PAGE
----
Beverly Hills Developer Is Trump's Biggest Donor (Well, After Trump)
The man whom Curbed L.A. calls "downtown's worst developer" owns several large apartment buildings in Los Angeles, including the Orsini.
As if there weren't enough reasons for people to hate on notorious L.A. developer Geoff Palmer, who's brought the city such architectural atrocities as the Orsini and the Da Vinci, Palmer has given a Donald Trump Super PAC a cool $2 million, according to a Federal Election Commission quarterly report filed this weekend.
According to Bloomberg, that makes Palmer the biggest Trump donor in the country (besides, of course, Trump himself).
The Super PAC, Rebuilding America Now, which recently started running TV ads comparing Bill Clinton to Bill Cosby (!), is run by L.A.-based investor Tom Barrack, a close associate of Trump's. In June, Barrack told CNN that the Super PAC had attracted $32 million "in financial commitments" from four donors. But according to the quarterly report, the PAC has raised only $2,160,450 — though indeed, it is from four different donors. Nearly all the money has come from Palmer.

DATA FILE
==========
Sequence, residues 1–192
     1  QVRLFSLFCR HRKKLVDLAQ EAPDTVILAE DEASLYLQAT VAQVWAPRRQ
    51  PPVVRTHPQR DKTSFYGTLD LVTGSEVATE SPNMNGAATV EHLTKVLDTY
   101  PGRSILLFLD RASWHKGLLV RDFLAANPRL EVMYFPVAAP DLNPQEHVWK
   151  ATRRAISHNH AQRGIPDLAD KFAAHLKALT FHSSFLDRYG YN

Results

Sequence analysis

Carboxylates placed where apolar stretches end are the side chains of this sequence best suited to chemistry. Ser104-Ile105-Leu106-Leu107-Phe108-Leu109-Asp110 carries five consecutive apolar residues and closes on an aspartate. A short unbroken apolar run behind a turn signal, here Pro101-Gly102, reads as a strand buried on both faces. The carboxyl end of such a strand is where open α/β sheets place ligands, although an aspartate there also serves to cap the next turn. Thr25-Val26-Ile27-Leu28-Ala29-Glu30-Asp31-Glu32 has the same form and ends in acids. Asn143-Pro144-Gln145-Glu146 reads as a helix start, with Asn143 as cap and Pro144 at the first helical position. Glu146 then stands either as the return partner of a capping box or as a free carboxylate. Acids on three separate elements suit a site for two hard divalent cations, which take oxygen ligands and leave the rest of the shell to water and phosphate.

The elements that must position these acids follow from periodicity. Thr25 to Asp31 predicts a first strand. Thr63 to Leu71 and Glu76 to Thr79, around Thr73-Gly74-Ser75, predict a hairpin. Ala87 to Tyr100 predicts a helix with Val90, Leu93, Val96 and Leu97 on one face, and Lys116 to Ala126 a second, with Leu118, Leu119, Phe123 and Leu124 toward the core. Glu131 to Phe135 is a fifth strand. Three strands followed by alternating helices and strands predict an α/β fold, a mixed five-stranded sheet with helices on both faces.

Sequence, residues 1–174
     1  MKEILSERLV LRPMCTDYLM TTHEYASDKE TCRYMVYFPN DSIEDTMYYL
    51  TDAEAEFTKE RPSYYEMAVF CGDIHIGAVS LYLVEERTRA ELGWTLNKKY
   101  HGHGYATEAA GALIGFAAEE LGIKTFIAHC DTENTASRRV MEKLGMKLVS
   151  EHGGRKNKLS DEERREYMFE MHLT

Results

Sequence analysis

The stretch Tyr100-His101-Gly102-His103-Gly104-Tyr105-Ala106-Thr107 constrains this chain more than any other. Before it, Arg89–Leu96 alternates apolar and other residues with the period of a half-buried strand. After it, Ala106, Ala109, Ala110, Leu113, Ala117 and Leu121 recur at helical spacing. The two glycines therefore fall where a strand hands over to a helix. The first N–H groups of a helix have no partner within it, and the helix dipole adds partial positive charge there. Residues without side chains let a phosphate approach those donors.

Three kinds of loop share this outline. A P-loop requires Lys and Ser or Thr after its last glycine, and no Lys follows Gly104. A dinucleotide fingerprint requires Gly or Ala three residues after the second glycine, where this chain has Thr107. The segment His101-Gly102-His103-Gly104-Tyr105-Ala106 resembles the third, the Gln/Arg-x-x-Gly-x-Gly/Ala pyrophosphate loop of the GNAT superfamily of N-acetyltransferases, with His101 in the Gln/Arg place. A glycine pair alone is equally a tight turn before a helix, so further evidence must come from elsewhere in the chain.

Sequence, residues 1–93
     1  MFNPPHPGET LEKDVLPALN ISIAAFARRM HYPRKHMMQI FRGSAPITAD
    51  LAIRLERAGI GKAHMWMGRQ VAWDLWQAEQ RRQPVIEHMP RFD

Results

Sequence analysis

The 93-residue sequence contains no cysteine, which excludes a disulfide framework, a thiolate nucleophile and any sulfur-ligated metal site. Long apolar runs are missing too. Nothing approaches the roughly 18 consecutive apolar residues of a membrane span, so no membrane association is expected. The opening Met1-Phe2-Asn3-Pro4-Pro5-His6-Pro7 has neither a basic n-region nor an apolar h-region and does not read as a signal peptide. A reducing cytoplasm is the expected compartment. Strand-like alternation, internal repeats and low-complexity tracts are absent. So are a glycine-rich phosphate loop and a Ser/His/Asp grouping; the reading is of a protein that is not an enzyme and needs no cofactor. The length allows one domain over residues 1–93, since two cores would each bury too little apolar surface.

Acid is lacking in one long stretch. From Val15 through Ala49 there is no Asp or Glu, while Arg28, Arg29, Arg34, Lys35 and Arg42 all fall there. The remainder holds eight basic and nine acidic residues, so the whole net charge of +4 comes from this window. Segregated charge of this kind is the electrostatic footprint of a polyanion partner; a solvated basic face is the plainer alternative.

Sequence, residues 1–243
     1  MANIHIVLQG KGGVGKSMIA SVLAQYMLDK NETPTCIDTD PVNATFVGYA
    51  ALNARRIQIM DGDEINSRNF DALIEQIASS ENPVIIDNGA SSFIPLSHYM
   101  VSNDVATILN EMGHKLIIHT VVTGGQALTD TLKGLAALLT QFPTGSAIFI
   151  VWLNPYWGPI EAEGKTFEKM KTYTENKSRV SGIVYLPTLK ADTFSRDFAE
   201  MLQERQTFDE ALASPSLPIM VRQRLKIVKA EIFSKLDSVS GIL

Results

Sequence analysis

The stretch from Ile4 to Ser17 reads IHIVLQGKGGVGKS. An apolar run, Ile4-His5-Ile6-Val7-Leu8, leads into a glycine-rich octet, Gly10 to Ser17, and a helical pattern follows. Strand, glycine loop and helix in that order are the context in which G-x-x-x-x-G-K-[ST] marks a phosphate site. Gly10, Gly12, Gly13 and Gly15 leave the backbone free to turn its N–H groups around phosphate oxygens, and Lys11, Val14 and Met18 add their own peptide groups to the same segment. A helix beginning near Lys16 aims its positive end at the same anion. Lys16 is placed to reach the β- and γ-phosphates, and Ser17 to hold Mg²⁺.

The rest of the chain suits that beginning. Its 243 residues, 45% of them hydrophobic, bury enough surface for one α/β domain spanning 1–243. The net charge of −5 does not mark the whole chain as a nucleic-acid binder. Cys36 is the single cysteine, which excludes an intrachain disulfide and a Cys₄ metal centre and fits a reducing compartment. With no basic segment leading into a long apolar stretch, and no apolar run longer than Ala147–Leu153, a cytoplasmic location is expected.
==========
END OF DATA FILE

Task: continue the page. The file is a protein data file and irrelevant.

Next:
The man whom Curbed L.A. calls "downtown's worst developer" owns at least six very large apartment buildings in Los Angeles, all with faux-Italian names: the Medici, the Visconti, the Orsini, the Piero, the Lorenzo and of course, the Da Vinci, which was set on fire in 2014 while it was still being built.
In February, the city filed a $20 million lawsuit against Palmer for not having an adequate fire protection plan.
The fire was only the latest in a series of misdeeds that have made Palmer the bête noire of urban boosters. There was the pedestrian bridge he wanted to build over Olympic Boulevard so that his residents wouldn't have to walk past homeless people; there was the historic 1880s Queen Anne house his construction workers "accidentally" destroyed while building the Orsini.
Worst of all was his lawsuit, in 2007, over a city zoning law requiring downtown developers of large projects to reserve a number of units for low-income tenants. Palmer's victory in that lawsuit means California cities can't force developers to build affordable housing (though they can incentivize them to do so by granting density bonuses).
So what's with Palmer's weird Italian fetish? In 2014, he told Los Angeles Magazine, “The Italians actually settled L.A. before the Spanish and Chinese."
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